Attached is our briefing note for the Westminster Hall Debate on Fuel Poverty secured by Derek Thomas MP (Con, St Ives) on fuel poverty on Wednesday 3 February 2016, 9:30-11:00am.

The 2001 Fuel Poverty Strategy set a target for eliminating fuel poverty by 2016 – a target that has clearly not been achieved. Latest figures show that fuel poverty affects approx. 2.35 million households in England, representing 10% of the population. The Department for Energy and Climate Change estimates that in England the average fuel poverty gap (difference between actual and affordable fuel costs) will reach £386 in 2015, a £155 increase from 2003. Fuel poverty figures for Scotland, Wales and Northern Ireland are significantly worse although policy in this area is now largely a devolved matter.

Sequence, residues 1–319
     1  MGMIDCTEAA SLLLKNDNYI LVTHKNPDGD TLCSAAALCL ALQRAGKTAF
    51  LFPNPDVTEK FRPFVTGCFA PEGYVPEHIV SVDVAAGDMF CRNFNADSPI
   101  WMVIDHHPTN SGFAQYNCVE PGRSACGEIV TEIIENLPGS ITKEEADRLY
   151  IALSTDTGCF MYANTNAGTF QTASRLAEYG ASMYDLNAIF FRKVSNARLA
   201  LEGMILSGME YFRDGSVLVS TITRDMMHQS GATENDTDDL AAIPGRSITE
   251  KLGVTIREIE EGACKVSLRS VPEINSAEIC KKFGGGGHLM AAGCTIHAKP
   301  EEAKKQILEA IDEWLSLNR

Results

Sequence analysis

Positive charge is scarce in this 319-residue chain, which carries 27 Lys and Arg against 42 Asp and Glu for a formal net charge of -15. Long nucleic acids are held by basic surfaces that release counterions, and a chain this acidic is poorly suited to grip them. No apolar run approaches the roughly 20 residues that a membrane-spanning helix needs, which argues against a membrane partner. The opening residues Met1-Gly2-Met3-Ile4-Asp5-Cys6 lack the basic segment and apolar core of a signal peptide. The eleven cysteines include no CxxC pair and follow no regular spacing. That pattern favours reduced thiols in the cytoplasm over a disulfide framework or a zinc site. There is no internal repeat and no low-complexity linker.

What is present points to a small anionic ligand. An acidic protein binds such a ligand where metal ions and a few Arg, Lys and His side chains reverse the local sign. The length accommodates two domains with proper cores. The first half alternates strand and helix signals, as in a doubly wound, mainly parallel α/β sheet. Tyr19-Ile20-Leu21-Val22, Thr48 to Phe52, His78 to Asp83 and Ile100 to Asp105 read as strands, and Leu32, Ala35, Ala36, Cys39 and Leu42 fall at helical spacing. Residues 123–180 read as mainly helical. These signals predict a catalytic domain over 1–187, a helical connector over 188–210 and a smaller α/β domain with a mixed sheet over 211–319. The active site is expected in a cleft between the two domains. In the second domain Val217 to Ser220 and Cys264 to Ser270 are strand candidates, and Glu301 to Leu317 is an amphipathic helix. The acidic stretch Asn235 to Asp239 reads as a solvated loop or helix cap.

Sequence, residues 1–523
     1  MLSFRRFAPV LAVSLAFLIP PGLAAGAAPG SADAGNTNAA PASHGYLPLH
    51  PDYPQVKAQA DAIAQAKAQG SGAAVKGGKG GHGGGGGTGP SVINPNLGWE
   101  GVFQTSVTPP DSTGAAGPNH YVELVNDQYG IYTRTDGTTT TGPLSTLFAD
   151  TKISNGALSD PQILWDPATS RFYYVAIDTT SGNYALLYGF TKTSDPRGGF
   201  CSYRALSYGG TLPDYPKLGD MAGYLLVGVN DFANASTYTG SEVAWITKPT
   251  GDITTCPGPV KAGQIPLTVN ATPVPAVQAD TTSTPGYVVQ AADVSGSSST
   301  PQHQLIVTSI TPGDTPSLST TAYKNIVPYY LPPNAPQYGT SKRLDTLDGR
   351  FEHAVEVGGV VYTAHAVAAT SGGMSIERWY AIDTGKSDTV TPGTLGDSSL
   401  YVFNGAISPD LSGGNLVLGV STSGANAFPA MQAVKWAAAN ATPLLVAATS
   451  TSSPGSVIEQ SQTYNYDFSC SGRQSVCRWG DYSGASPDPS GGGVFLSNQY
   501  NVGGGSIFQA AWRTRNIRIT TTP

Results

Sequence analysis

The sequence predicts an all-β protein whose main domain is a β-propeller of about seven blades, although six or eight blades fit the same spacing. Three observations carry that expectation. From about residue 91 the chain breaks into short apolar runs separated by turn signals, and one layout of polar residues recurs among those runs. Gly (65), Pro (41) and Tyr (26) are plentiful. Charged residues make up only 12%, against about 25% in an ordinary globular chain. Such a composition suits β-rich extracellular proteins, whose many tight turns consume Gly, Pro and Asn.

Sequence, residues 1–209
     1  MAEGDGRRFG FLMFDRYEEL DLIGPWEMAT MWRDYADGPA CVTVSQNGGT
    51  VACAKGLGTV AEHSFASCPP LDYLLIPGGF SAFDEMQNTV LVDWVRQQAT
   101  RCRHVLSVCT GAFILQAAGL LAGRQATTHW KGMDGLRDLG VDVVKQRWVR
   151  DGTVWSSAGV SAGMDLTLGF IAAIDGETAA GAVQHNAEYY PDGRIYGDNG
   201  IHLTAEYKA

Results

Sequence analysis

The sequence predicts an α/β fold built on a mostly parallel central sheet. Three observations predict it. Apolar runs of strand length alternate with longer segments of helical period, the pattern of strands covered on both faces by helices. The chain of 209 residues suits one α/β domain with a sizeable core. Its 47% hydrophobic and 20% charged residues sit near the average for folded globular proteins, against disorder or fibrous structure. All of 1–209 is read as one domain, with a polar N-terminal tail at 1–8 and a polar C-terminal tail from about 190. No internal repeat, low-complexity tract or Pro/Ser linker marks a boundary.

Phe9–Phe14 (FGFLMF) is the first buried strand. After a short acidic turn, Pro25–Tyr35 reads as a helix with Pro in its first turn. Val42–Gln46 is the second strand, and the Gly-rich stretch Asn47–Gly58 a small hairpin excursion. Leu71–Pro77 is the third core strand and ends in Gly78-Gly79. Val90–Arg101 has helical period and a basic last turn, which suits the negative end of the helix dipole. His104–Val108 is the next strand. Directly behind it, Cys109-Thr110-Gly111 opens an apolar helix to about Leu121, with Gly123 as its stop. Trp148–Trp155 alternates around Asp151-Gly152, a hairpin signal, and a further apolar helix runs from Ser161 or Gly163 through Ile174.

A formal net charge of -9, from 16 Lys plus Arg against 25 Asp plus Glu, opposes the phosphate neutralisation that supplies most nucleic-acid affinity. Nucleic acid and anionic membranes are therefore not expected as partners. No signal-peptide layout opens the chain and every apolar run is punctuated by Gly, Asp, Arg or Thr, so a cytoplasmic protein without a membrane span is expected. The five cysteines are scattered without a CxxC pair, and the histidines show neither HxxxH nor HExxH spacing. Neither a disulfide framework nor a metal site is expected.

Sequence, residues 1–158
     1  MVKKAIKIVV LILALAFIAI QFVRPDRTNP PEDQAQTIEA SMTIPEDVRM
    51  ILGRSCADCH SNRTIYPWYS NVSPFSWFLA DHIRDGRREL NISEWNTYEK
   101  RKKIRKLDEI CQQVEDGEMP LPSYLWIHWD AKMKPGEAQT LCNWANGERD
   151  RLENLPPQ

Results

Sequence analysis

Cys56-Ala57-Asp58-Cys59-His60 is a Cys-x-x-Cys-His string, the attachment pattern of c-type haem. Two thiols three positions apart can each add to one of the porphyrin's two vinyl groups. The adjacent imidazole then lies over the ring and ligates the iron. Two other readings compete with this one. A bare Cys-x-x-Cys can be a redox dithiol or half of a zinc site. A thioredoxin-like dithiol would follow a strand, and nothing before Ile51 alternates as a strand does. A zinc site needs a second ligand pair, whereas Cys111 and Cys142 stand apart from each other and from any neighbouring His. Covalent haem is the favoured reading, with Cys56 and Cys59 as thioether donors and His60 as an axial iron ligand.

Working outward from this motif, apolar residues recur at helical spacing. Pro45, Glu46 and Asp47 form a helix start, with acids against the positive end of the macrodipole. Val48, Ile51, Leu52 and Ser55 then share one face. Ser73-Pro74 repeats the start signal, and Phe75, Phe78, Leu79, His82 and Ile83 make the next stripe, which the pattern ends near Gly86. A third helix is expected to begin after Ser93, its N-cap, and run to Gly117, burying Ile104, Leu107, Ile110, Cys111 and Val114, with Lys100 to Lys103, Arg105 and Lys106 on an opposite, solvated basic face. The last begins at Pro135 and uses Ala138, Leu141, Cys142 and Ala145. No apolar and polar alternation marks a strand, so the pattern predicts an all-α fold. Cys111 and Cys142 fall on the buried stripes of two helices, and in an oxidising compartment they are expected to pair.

There is a clear correlation between fuel poverty and rurality. Latest figures show that over 18% of rural households in England are fuel poor and this figure increases to over 34% for households in sparse hamlets and isolated dwellings. A significant proportion of rural households (34%) are in the harder to treat (HTT) category and often rely upon more expensive fuel types as they do not have access to mains gas. Any development of policy in this area needs to consider how improvements can be made in rural areas, particularly with harder to treat houses.

The Countryside Alliance welcomes this debate and the opportunity it will provide to highlight the problems faced across the country, particularly in rural areas.

BACKGROUND NOTE ON FUEL POVERTY – Westminster Hall Debate (Derek Thomas) – 03.02.2016